Monday, 31 August 2015

A Redmire float.

I found myself at the Fence Pitch, sitting, watching, waiting. I should have really been concentrating on the scarlet tip placed just feet away from me.
 My mind drifted back a few months to an email to the fine floatmaker, Mr Andrew Field.
  I'd seen a photo of a particular float on his website that looked just the job for use at such a prestigious venue as Redmire.
 Having enquired as to the availability of said float I soon received a reply from Andrew stating that the particular float was the only one left from all in the photo. This meant that although I did not yet have it in my possession, it was already lucky.
 I now have a a few of Andrew's creations, all of the highest quality, all mini works of art , all used for the intended purpose.

I'd encamped at Pitchfords, rising early to walk the short distance past Stumps whilst the others were still dreaming of glorious galitians. Walking aside the holly trees, then tip toeing on to the precarious platform to deposit 15 handfuls of micro pellets about a rod length out.
 Steam rose from the mirrored pool as dabchicks sat amid the reedmace and the first wood pigeons broke the silence with their distant 'coo's.

Back at base camp I threaded the 8lb line from the Mitchell CAP 304 reel through the rings of the B. James Mk IV and tackled up ready for a morning's float fishing...First things first though.
 My good friend Tony awoke about an hour later and duly set about producing a hearty breakfast of sausage, bacon, eggs and mushrooms. Whilst the kettle was on I strolled back down to the Fence Pitch to deposit two handfuls of sweetcorn onto the baited spot and stealthily plumb the depth.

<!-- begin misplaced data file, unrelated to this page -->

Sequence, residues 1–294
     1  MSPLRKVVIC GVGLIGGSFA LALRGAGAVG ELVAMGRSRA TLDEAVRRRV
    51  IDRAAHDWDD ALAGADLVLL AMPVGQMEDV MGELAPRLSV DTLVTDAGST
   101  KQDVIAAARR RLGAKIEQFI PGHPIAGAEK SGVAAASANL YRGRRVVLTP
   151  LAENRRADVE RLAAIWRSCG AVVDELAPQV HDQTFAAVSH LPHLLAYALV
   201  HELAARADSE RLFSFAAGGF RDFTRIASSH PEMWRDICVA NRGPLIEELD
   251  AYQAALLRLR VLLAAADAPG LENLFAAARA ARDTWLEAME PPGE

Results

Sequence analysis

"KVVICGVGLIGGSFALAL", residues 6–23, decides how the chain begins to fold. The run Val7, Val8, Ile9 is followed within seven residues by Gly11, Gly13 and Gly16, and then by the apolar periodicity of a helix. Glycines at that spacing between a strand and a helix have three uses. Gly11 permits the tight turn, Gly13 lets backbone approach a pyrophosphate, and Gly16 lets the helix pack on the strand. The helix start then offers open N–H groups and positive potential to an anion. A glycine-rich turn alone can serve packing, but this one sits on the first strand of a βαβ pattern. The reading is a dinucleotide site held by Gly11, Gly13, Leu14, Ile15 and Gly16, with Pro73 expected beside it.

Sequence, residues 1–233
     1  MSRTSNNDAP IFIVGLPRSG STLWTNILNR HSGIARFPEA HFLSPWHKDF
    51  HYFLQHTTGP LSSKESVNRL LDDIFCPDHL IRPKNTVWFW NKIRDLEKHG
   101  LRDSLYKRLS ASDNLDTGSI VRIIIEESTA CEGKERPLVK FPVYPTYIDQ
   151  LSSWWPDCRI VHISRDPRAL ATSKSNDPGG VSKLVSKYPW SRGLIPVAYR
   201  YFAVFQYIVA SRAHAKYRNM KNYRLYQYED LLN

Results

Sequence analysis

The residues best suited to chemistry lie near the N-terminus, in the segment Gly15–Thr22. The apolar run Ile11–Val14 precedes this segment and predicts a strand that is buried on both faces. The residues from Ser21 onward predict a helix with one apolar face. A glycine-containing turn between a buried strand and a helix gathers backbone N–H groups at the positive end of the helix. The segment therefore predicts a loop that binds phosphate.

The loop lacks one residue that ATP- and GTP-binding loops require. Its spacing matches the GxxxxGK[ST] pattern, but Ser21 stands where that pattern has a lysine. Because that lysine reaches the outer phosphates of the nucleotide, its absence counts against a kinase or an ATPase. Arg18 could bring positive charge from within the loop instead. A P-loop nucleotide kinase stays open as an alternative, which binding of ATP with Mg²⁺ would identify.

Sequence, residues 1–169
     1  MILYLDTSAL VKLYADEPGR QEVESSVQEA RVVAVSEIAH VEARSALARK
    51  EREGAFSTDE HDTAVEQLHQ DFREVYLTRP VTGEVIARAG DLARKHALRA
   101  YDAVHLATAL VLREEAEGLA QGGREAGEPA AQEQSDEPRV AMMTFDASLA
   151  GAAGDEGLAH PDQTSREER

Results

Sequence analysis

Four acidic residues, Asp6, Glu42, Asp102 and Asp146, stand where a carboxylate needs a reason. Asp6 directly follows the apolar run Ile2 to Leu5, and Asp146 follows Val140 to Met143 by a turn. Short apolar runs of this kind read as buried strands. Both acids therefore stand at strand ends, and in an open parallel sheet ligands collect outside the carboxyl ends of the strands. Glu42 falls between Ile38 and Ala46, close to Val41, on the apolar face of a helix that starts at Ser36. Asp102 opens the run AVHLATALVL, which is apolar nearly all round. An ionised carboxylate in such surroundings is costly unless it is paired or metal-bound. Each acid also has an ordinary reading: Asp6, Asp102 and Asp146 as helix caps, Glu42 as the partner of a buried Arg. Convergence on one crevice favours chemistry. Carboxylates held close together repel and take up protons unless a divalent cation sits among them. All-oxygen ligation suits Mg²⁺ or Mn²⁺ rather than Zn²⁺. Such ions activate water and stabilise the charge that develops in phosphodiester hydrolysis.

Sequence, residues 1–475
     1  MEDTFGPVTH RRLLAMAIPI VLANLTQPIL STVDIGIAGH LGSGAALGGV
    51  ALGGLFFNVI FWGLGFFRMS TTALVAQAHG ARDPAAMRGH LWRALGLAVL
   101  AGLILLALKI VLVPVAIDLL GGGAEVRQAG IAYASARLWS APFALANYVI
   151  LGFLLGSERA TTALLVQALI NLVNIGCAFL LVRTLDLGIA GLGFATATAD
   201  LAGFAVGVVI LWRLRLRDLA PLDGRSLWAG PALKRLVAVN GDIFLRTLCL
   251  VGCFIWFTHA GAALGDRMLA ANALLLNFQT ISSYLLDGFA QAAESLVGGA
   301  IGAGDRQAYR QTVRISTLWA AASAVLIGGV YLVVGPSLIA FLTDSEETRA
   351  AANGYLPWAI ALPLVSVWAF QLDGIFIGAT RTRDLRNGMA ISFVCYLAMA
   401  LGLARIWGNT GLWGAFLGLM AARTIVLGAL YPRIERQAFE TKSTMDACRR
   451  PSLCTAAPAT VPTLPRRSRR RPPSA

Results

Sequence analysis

As I drank my first tea of the day I recalled my six previous trips to the pool and all the wonderful fish she'd offered up to me, but not a single carp to the float despite my efforts on every single visit.
 By now the sun was up and I quietly edged my Lafuma low chair and rod in to position on the platform, nestled in the undergrowth.

The end tackle comprised of two small drilled bullets between two Drennan grippa stops which in the unlikely event of a mainline breakage could slip off of the line very easily. A 6lb hooklink to size 12 hook completed the end tackle. Bait was to be two grains of corn.

The float was attached by a rubber at the bottom only...

I suppose this method can be described as somewhere between lift method and float legering.

With everything set I gave an underarm flick to the spot and sat back..

...and so I found myself at the Fence Pitch, sitting, watching, waiting.
 Wrens, Tits and Warblers gorged on insects and grubs within feet as I remained still, statuesque...transfixed.
 Even the attention of the wasps, one of which landed on my nose, didn't cause me to faulter.

As I sat amongst the Willowherb and Nettle a decent looking common cruised in just below the surface and completely circumnavigated the float slowly, attentively, before cruising off on his way..I hadn't fooled him at all.
 In the next few minutes the float was landed upon by two damselflies, double somersaulted by a gymnastic gudgeon and checked out by the dabchick which broke cover to see if it was edible, leaving her miniscule offspring to call frantically from beneath the willow fronds......

...and then, quite magically, the classic lift bite...Up...Flat....then drift away...and.....strike.

The fish, quite clearly a scamp, dashed for the nearby willow and once turned, zoomed around in ever decreasing circles...It has to be said that getting to my feet, grasping the net and engulfing the fish was a quite delicate affair, but my balance remains good enough.

 The result of this little plan? An absolute gem of a fish..Small yes, but perfect in every way. With fish like these,the future remains bright for the 'Mire.
 It had taken 7 years to catch a Redmire carp on the float. I've caught some of the pools greatest treasures, but this little fellow and the way it was caught will live long in the memory.

Despite fishing on in the same manner for another four hours I received no further action. With this catch I'd blown my cover completely, but I strolled back to base feeling more than contented with my perfect little prize.

Andrew Field's website can be found here.

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